Fintan lay on his bed and stared at the walls. Other teenagers covered their walls with posters of their heroes and idols, mostly footballers or pop stars. Fintan was a little bit different. There were posters on his walls but Fintan did not idolise the same people as his peers. Posters of Charles Haughey, Bertie Ahern, and John Delaney adorned Fintan’s bedroom walls. These were the people he aspired to be like: Fintan wanted to be a Cute Hoor just like them.
For as long as he could remember, Fintan had the way of a Cute Hoor about him. He had an easy smile and a smooth wink. People knew to ask him for things and Fintan knew the people who would get things for him. He knew how to drive a bargain for himself and charge double at the other end. Fintan never missed a day of school, although he had not done a day of schoolwork in two years. As a member of every group from Student Council to litter wardens, his teachers were accustomed to Fintan always being on an errand of one kind or another. No questions were ever asked. At home, Fintan left his school books spread across the kitchen table and played video games until 5:59pm. He would return to his books and sit there with intense focus as his parents returned from work at 6pm, assuming Fintan had completed his homework and encouraging him to pack it away for the night and relax. Again, no questions were ever asked, not that Fintan ever found himself without a ready answer. It was 10pm and Fintan had spent the time since dinner relaxing with his parents before preparing for bed.
As much as the Cute Hoor lifestyle suited Fintan, he aspired to greater things. Fintan looked to Charles Haughey, knowing he could only dream of accusing a nation of living beyond their means while preparing an order of tailored shirts from Paris. From Haughey to Ahern, Fintan often thought about what he might do in a political career. Could he be a Minister for Transport without a Driver’s License? Could he be a Minister for Foreign Affairs without a passport? Fintan thought about these things and worried that he could never match sitting before a tribunal as a former Minister for Finance and insisting he never owned a bank account. The achievements of his predecessors forced Fintan to consider career options beyond politics, perhaps by starting off with an NGO, some charitable group, or maybe a sporting body. Fintan’s eyes moved across the room to his personal favourite, John Delaney. How much he wished he could emulate this man! If, someday, Fintan could sit in a meeting with FIFA and demand that Ireland should officially be the 33rd team in a 32 team tournament without so much as a hint of irony, he would have lived a full and happy life.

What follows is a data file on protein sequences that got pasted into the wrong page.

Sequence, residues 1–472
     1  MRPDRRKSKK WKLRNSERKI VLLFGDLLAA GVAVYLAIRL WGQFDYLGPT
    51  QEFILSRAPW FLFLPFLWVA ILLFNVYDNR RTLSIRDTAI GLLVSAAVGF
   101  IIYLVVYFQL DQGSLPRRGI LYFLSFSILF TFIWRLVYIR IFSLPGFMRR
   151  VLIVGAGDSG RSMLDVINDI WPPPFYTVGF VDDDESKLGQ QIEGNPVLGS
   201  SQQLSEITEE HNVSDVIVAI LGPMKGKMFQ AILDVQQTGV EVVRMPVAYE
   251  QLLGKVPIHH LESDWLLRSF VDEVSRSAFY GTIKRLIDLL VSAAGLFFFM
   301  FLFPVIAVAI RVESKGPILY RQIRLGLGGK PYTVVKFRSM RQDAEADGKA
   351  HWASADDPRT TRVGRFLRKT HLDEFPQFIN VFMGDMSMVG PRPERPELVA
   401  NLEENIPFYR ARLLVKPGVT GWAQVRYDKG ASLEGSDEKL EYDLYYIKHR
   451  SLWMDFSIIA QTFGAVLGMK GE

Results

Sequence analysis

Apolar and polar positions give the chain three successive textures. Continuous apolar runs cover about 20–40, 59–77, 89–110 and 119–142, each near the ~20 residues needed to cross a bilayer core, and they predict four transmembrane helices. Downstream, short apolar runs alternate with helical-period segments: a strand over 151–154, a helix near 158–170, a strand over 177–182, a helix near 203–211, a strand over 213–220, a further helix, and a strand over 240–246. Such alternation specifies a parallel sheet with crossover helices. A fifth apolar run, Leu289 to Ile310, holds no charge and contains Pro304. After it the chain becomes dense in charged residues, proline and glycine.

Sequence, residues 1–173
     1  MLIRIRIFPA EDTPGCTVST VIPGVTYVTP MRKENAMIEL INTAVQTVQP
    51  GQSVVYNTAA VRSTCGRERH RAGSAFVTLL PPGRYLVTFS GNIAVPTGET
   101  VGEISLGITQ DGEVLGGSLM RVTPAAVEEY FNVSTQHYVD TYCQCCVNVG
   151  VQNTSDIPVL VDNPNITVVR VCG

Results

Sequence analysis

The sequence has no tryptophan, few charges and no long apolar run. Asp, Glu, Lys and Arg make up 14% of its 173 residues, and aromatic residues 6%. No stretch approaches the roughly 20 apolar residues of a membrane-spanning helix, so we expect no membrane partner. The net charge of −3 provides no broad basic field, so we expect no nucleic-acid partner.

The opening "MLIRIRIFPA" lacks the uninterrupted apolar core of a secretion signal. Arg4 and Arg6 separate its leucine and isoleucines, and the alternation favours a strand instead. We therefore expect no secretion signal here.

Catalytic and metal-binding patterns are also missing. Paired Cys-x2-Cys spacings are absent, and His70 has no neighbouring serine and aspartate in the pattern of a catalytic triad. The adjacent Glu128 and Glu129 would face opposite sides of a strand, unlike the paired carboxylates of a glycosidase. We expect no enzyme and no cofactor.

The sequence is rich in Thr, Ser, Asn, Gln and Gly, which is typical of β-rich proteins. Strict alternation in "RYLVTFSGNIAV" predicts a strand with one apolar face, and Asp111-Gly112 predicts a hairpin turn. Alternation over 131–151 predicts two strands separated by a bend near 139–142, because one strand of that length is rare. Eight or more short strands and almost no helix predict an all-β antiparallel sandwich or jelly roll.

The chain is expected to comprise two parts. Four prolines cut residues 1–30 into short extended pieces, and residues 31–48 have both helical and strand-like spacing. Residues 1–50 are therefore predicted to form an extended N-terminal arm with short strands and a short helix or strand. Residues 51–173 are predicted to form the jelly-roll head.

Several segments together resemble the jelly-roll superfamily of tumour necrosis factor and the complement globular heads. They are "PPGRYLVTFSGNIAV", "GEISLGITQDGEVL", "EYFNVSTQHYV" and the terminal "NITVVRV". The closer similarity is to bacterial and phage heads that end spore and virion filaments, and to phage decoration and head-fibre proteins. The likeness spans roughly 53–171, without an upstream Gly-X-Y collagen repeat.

No matter what path he chose in life, Fintan knew he would be following in the footsteps of the truly great Cute Hoors that went before. As Fintan lay down to sleep, exhausted from a long day of not really doing anything, he dreamed of his future legacy among the greatest Cute Hoors: John Charles McQuaid, Eamon De Valera, Seán Lemass, Charles Haughey, Liam Lawlor, Ben Dunne, George Redmond, Bertie Ahern, Denis O’Brien, Michael Lowry, Ray Burke, Frank Flannery, Michael Fingleton, Seán Fitzpatrick, Willie McAteer, John Bowe, Denis Casey, David Drumm, Phil Hogan, Mick Wallace, any of the Healy-Raes, Paul Kiely, Paul Kelly, Pat Hickey, John Delaney…
And just like that, by counting all the Cute Hoors he could, Fintan was fast asleep.